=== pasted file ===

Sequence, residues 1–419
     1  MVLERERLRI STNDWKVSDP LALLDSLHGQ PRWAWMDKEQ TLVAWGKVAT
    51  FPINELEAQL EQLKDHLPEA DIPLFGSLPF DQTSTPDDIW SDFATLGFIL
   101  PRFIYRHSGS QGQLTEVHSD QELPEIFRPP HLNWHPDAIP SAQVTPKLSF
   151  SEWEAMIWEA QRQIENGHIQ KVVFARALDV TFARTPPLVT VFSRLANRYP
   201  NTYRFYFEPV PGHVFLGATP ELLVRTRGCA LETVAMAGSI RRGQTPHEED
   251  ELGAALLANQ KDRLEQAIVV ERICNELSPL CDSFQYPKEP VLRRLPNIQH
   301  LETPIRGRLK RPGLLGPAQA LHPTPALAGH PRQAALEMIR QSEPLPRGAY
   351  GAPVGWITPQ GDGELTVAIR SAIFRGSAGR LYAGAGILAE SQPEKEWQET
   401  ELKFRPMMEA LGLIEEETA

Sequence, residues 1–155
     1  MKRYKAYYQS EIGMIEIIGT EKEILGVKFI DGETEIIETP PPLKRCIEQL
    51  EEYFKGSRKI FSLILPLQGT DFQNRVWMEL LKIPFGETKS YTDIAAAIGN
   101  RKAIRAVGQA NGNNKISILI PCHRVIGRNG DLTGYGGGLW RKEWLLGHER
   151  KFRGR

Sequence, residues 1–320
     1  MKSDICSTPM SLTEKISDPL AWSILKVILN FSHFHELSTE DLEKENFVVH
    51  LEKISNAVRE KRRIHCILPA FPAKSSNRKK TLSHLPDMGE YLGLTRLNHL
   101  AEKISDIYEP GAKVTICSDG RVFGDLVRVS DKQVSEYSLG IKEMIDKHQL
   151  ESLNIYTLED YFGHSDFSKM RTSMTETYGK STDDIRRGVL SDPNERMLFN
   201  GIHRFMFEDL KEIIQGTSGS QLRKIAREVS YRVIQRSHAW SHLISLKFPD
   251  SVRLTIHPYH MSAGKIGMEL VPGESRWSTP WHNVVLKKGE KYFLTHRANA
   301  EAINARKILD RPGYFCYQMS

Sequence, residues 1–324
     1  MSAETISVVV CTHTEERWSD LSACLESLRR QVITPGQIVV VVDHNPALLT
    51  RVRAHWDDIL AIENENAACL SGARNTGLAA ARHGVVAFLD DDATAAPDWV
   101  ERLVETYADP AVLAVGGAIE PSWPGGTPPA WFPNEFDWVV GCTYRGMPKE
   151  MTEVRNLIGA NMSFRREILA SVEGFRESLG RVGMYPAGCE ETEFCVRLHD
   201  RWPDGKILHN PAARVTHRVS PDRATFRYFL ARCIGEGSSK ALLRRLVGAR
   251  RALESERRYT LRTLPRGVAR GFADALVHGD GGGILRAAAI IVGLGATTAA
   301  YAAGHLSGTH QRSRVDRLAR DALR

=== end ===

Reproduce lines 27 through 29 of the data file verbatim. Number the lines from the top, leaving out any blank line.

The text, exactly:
   101  ERLVETYADP AVLAVGGAIE PSWPGGTPPA WFPNEFDWVV GCTYRGMPKE
   151  MTEVRNLIGA NMSFRREILA SVEGFRESLG RVGMYPAGCE ETEFCVRLHD
   201  RWPDGKILHN PAARVTHRVS PDRATFRYFL ARCIGEGSSK ALLRRLVGAR